Many developing countries have very large debts, and the amount of money they owe is quickly increasing. Trying to pay off the debt (debt service) has become a serious problem for these countries, and it causes great hardship for their people.
Take the region of Sub-Saharan Africa, for example. This region pays $10 billion every year in debt service. That is about 4 times as much money as the countries in the region spend on health care and education.
How did the Debt Crisis start?
At the end of the '70's, many oil-exporting countries had large amounts of extra money. They put this money into Western banks. The banks then loaned a lot of money to Third World countries for big development projects. However, several factors (a rise in world interest rates, a global recession, and low commodity prices) caused the size of these debts to start growing very fast; several countries began to fall behind in their payments.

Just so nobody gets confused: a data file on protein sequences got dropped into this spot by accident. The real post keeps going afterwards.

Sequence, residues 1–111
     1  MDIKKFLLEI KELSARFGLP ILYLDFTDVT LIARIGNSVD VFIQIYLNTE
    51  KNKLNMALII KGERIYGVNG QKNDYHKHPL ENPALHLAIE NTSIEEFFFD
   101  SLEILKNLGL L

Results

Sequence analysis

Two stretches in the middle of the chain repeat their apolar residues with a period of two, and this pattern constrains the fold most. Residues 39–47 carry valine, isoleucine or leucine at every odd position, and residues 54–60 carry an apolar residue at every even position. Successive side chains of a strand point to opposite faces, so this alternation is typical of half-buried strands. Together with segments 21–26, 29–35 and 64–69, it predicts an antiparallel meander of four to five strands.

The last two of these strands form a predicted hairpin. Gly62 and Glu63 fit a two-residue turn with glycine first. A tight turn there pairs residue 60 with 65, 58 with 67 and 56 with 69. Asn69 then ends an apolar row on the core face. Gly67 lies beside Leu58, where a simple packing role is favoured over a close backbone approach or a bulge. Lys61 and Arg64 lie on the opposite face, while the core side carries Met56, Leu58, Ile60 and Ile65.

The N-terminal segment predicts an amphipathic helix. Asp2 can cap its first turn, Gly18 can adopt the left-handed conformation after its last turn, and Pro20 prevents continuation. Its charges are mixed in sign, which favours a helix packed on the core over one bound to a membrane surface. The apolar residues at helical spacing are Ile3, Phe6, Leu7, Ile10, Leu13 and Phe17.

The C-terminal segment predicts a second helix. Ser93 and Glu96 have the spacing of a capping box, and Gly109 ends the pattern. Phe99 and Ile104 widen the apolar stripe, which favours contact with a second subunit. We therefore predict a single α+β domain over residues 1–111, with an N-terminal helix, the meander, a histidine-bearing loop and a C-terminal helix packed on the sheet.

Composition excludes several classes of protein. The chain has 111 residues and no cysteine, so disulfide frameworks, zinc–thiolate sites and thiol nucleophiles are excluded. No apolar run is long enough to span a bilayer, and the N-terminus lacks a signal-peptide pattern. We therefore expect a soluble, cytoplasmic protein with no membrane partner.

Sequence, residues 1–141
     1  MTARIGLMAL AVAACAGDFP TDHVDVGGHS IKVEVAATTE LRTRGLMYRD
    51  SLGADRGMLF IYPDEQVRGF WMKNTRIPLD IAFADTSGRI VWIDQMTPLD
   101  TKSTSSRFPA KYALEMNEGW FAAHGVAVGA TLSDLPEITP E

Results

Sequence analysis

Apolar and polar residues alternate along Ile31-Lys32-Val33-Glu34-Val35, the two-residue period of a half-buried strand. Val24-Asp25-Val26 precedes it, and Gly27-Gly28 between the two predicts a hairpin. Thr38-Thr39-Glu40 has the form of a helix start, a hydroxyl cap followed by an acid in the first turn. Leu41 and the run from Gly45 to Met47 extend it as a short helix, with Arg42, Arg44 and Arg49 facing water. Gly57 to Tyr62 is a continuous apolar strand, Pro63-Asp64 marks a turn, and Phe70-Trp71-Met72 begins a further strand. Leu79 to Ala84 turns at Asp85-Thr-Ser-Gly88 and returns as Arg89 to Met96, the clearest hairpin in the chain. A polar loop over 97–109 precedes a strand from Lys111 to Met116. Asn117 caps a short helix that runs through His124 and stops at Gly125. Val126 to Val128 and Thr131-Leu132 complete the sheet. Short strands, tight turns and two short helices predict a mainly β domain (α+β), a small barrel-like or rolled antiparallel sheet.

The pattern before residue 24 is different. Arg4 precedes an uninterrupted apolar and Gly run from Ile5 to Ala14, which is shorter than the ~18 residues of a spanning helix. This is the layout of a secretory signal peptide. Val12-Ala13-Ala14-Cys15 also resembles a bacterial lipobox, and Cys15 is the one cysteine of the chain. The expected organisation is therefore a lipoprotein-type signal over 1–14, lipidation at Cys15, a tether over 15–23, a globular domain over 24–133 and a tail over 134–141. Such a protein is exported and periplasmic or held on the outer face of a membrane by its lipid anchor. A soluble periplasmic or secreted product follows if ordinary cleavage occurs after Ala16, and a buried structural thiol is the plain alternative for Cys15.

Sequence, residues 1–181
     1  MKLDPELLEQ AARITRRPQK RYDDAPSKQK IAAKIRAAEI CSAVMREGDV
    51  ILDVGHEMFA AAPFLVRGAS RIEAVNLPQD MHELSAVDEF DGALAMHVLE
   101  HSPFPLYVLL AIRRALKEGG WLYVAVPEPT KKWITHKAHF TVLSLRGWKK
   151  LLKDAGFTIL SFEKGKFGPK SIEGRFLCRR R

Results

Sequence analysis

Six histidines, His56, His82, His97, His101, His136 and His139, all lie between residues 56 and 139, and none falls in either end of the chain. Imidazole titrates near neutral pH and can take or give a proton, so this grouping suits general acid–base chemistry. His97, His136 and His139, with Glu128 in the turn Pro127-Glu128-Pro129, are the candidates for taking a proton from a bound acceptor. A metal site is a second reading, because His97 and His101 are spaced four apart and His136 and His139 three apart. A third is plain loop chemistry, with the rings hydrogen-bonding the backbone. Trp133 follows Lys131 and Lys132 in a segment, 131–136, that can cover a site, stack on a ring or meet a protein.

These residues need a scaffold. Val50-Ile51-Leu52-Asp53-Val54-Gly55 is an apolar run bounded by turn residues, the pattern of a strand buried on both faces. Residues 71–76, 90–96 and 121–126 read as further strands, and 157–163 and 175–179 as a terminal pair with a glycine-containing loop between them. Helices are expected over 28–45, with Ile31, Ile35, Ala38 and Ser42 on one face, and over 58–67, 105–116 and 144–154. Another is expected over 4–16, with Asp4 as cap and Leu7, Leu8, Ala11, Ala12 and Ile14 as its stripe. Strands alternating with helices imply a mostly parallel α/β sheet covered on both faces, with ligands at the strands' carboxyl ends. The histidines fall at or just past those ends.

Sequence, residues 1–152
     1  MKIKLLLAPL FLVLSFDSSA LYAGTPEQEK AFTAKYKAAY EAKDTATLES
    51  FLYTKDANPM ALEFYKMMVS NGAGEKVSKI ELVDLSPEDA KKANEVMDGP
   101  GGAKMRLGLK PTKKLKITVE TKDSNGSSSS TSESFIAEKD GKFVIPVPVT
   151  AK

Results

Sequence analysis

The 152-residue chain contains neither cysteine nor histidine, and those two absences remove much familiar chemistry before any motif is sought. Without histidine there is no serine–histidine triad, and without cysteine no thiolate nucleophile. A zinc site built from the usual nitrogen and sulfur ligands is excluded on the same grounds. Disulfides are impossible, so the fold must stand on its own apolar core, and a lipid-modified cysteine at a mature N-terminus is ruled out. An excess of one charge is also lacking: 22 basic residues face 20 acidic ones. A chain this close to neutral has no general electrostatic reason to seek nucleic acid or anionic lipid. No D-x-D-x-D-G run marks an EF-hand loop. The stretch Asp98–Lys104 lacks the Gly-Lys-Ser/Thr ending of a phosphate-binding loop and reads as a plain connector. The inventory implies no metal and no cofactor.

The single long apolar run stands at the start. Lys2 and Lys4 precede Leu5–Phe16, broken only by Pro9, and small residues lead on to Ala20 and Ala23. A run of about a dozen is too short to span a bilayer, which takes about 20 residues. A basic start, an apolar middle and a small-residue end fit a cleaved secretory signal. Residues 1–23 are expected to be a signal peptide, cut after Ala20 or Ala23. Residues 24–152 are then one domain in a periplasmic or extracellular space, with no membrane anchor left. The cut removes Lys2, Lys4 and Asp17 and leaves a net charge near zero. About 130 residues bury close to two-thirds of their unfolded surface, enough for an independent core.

The amount of money owed by developing countries has increased dramatically since the early 1980's. These countries now owe money to commercial banks and also to organisations like the World Bank, the International Monetary Fund, and to First World governments.
Why does the debt keep growing?
It is especially difficult for developing countries to repay loans:
Loans must almost always be paid in hard currency.
Most loans to the Third World have to be repaid in hard currencies. Hard currencies are stable currencies; that means their value does not change very much. The Japanese yen, the American dollar and the Swiss franc are examples of hard currencies.
Developing countries have soft currencies - they go down in value. Therefore, when the value of a developing country's money goes down (as it often does), the cost of its debt rises. It takes more of the country's own currency to pay back the same amount of hard currency.
A HARD CURRENCY has a very stable value. It doesn't change very...